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J Theor Biol. 2012 Feb 7;294:144-52. doi: 10.1016/j.jtbi.2011.10.034. Epub 2011 Nov 9.

On the meaning and estimation of plasmid transfer rates for surface-associated and well-mixed bacterial populations.

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Department of Mathematics, University of Idaho, Moscow, ID 83844-1103, USA.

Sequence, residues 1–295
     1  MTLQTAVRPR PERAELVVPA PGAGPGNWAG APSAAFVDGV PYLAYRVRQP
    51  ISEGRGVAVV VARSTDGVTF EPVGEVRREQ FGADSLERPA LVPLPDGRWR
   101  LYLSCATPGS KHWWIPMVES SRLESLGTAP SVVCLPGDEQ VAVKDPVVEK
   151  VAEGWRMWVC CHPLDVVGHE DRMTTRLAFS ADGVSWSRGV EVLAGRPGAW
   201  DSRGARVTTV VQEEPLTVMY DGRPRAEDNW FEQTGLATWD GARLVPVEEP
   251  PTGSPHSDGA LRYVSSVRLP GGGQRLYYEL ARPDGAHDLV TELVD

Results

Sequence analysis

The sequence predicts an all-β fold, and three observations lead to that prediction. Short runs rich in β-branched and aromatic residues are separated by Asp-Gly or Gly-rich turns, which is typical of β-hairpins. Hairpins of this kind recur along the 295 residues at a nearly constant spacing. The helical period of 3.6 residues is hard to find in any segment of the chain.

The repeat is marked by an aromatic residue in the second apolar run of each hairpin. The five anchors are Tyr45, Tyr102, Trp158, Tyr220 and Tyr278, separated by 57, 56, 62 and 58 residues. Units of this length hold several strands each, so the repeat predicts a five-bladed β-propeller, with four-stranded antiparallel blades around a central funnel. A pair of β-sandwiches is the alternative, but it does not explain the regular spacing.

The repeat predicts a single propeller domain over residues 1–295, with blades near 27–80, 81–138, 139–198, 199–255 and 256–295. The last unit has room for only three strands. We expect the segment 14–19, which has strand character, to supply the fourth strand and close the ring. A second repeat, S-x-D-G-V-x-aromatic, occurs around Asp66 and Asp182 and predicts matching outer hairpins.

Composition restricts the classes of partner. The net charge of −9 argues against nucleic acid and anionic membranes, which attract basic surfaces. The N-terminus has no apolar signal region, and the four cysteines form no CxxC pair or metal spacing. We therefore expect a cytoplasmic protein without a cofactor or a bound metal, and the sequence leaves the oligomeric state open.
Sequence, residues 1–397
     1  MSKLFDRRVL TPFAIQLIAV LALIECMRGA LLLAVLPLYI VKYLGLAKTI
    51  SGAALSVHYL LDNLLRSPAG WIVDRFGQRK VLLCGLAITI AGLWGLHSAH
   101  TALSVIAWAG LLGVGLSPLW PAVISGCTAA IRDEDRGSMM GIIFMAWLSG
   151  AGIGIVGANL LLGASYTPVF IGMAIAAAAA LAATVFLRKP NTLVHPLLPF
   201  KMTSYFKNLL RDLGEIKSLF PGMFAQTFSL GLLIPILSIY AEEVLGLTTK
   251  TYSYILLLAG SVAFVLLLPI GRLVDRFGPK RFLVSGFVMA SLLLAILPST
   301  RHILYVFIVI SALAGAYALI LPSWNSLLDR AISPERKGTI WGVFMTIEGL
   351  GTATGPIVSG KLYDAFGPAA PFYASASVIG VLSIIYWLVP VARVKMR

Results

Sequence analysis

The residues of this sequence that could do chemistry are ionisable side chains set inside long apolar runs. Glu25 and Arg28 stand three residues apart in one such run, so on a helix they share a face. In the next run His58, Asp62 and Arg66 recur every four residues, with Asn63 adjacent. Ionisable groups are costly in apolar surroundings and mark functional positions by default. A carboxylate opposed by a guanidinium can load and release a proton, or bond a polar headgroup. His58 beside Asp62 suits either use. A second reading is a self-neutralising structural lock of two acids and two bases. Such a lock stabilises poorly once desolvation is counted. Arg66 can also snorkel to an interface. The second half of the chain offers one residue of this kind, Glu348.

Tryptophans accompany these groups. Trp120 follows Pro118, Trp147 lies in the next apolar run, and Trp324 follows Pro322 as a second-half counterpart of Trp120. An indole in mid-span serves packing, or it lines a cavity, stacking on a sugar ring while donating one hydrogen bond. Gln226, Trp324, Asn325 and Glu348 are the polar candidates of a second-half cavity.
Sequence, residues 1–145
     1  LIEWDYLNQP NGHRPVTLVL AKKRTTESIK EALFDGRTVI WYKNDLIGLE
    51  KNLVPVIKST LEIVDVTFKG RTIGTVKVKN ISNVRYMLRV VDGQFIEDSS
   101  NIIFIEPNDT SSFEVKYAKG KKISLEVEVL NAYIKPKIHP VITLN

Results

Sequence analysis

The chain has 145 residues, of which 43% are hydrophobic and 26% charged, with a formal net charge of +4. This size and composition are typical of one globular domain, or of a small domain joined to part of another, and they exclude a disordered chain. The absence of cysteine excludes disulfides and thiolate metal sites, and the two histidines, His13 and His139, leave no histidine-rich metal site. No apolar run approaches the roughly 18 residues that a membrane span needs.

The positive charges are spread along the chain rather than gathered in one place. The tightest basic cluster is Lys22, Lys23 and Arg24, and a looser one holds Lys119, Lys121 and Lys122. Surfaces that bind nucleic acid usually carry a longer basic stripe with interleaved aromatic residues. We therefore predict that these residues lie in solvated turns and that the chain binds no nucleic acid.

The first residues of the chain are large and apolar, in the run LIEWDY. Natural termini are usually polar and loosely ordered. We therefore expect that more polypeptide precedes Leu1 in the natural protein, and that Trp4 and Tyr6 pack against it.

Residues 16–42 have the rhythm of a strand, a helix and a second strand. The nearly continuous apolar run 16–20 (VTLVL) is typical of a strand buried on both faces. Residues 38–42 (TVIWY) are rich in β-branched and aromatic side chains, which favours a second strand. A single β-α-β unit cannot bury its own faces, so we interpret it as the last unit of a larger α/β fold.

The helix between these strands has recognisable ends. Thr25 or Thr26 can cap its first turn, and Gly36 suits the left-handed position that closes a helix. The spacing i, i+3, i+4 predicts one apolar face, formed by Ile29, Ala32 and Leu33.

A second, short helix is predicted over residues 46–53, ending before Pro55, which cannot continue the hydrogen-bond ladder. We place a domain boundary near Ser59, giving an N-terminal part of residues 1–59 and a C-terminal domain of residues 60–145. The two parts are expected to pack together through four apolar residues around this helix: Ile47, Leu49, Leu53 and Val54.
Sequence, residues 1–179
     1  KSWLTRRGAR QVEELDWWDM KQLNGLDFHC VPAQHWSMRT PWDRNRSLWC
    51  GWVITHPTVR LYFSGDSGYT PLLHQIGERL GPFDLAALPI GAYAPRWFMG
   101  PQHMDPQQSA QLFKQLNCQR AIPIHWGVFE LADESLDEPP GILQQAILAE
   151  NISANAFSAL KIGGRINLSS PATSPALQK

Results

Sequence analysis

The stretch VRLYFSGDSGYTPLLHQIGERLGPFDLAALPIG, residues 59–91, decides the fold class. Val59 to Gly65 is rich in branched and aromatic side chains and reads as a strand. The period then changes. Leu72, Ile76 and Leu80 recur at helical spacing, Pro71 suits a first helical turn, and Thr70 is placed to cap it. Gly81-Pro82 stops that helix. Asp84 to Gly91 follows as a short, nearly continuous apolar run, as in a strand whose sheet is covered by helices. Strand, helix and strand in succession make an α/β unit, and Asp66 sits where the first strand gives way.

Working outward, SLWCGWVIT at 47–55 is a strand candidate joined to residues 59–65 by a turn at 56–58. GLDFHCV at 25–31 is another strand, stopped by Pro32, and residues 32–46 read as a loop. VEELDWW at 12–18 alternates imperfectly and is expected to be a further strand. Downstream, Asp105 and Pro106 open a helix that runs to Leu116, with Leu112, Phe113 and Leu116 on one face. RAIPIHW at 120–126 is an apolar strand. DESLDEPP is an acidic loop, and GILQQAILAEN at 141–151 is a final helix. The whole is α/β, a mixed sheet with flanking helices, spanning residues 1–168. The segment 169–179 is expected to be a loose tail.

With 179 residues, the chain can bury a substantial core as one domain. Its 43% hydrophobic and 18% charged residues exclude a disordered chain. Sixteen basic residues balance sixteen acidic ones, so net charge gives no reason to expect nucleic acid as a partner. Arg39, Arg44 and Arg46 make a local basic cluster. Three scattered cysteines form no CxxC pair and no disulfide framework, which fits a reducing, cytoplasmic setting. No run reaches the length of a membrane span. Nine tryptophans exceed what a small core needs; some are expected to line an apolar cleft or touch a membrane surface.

Conjugative plasmid transfer is key to the ability of bacteria to rapidly adapt to new environments, but there is no agreement on a single quantitative measure of the rate of plasmid transfer. Some studies derive estimates of transfer rates from mass-action differential equation models of plasmid population biology. The often-used 'endpoint method' is such an example. Others report measures of plasmid transfer efficiency that simply represent ratios of plasmid-bearing and plasmid-free cell densities and do not correspond to parameters in any mathematical model. Unfortunately, these quantities do not measure the same thing - sometimes differing by orders of magnitude - and their use is often clouded by a lack of specificity. Moreover, they do not distinguish between bulk transfer rates that are only relevant in well-mixed populations and the 'intrinsic' rates between individual cells. This leads to problems for surface-associated populations, which are not well-mixed but spatially structured. We used simulations of a spatially explicit mathematical model to evaluate the effectiveness of these various plasmid transfer efficiency measures when they are applied to surface-associated populations. The simulation results, supported by some experimental findings, showed that these measures can be affected by initial cell densities, donor-to-recipient ratios and initial cell cluster size, and are therefore flawed as universal measures of plasmid transfer efficiency. The simulations also allowed us to formulate some guiding principles on when these estimates are appropriate for spatially structured populations and how to interpret the results. While we focus on plasmid transfer, the general lessons of this study should apply to any measures of horizontal spread (e.g., infection rates in epidemiology) that are based on simple mass-action models (e.g., SIR models in epidemiology) but applied to spatial settings.

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